Israel hit back at Sudan Thursday, after Khartoum on Wednesday accused Israel of attacking a military installation in the country. A top Israeli defense official told Army Radio that Sudan was a terrorist state, and that its accusations that Israel engaged in terrorism against that country could not be taken seriously.
“Sudan is a dangerous terrorist state. To know exactly what happened (there), it will take some time to understand," said Amos Gilad, director of policy and political-military affairs at the Defense Ministry. "There are different versions of the Sudanese side, so there is no reason to go into details," Gilad responded to questions of Israeli involvement in the attack.
Sudan says it has evidence that Israeli warplanes carried out the attack, although it has so far failed to present that evidence. Sudan claimed that four Israeli aircraft fired missiles that hit a military factory and killed two people in Khartoum. The explosion at the military factory in Sudan's capital before dawn Wednesday sent detonating ammunition flying through the air, causing panic among residents, the official news agency and local media reports said. Sudan has demanded that the UN Security Council condemn Israel for the raid. A Sudanese official, Bilal Osman, said that a response by Sudan for the attack would be forthcoming, although “we reserve the right to react at a place and time we choose."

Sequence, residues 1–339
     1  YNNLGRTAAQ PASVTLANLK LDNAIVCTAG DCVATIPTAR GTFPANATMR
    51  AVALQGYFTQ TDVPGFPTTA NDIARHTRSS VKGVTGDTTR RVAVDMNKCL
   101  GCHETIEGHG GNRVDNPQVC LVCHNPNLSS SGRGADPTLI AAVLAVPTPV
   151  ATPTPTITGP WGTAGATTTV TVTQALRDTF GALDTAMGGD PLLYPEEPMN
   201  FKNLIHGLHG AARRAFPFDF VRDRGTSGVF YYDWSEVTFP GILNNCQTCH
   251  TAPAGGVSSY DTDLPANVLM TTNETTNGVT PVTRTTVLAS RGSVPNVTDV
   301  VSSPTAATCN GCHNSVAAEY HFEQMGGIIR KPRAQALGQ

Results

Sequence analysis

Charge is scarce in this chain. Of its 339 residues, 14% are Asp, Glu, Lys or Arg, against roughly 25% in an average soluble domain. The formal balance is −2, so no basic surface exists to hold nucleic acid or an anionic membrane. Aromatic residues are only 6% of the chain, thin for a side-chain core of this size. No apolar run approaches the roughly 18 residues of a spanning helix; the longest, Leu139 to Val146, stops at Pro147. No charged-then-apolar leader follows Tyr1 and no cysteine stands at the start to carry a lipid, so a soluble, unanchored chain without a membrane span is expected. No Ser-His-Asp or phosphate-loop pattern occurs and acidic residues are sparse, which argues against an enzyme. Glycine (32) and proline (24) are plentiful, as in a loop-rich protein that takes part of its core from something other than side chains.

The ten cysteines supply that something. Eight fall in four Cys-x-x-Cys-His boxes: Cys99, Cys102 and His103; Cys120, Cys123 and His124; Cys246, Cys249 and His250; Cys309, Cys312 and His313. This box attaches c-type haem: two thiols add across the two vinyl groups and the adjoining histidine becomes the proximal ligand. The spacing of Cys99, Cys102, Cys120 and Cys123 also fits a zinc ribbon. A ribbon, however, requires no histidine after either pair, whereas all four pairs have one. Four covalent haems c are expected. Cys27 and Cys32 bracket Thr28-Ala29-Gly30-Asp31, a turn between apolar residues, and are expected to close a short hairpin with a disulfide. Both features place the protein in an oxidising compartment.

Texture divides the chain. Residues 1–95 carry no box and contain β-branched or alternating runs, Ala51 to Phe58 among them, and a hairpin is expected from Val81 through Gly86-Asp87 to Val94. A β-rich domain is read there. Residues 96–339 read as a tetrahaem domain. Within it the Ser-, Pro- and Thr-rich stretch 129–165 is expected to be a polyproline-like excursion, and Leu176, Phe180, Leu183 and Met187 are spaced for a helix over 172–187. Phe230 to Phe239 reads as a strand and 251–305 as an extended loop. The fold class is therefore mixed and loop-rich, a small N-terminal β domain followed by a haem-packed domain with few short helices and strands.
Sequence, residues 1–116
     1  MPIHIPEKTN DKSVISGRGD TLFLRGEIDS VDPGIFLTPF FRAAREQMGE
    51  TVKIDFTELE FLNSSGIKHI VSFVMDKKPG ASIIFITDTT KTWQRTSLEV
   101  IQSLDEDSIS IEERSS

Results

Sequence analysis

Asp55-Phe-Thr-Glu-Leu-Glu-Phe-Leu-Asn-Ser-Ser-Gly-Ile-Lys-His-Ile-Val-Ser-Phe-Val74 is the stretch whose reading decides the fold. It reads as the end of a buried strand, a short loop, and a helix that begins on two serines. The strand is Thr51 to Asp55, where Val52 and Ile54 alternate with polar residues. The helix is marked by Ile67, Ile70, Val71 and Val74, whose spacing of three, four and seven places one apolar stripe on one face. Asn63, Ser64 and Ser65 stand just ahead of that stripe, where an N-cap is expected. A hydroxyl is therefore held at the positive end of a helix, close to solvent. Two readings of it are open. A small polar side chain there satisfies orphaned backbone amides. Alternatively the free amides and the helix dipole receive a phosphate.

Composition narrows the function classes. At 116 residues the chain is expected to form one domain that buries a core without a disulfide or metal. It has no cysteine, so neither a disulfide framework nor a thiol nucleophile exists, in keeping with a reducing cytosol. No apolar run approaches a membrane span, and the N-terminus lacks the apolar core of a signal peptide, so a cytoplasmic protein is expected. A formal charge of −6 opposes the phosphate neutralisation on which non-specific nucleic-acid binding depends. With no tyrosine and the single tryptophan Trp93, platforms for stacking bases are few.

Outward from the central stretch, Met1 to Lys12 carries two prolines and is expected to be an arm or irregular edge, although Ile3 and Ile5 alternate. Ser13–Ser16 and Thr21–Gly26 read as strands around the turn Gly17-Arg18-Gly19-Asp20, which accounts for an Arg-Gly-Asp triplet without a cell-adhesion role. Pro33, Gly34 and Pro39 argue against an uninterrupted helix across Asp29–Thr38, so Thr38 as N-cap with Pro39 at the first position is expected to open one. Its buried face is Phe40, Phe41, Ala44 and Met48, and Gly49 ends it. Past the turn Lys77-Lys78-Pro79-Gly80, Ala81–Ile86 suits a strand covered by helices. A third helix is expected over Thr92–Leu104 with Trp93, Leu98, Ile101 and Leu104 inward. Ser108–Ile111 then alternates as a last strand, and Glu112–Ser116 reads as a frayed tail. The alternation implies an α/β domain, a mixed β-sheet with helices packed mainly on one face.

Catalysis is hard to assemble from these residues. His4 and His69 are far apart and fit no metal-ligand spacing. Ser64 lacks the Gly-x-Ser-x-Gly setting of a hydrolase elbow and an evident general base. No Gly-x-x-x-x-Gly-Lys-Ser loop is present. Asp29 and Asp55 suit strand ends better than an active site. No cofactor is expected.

Israeli officials have long been following the situation in Sudan, which security officials said was a major source of weapons for Gaza Arab terrorists. Gangs of terrorists trained and set up areas of influence in the remote parts of the country, with large weapons warehouses. According to security officials, Sudan is a major hub on the route of smugglers moving weapons from Iran and Syria to terror groups in Gaza, Lebanon, and elsewhere. Several months ago, a car carrying several weapons smugglers and a large amount of weapons exploded at Port Sudan. Sudan accused Israel of involvement in that attack as well.
Meanwhile, a report in Arab media Thursday said that the U.S. had closed its embassy in Khartoum, Sudan's capital, on Tuesday – just before the attack took place, as if the U.S. had advanced knowledge of the attack. Hundreds of Sudanese gathered outside the U.S. Embassy in Khartoum calling for “death to Israel” and “death to America,” as they burned American and Israeli flags.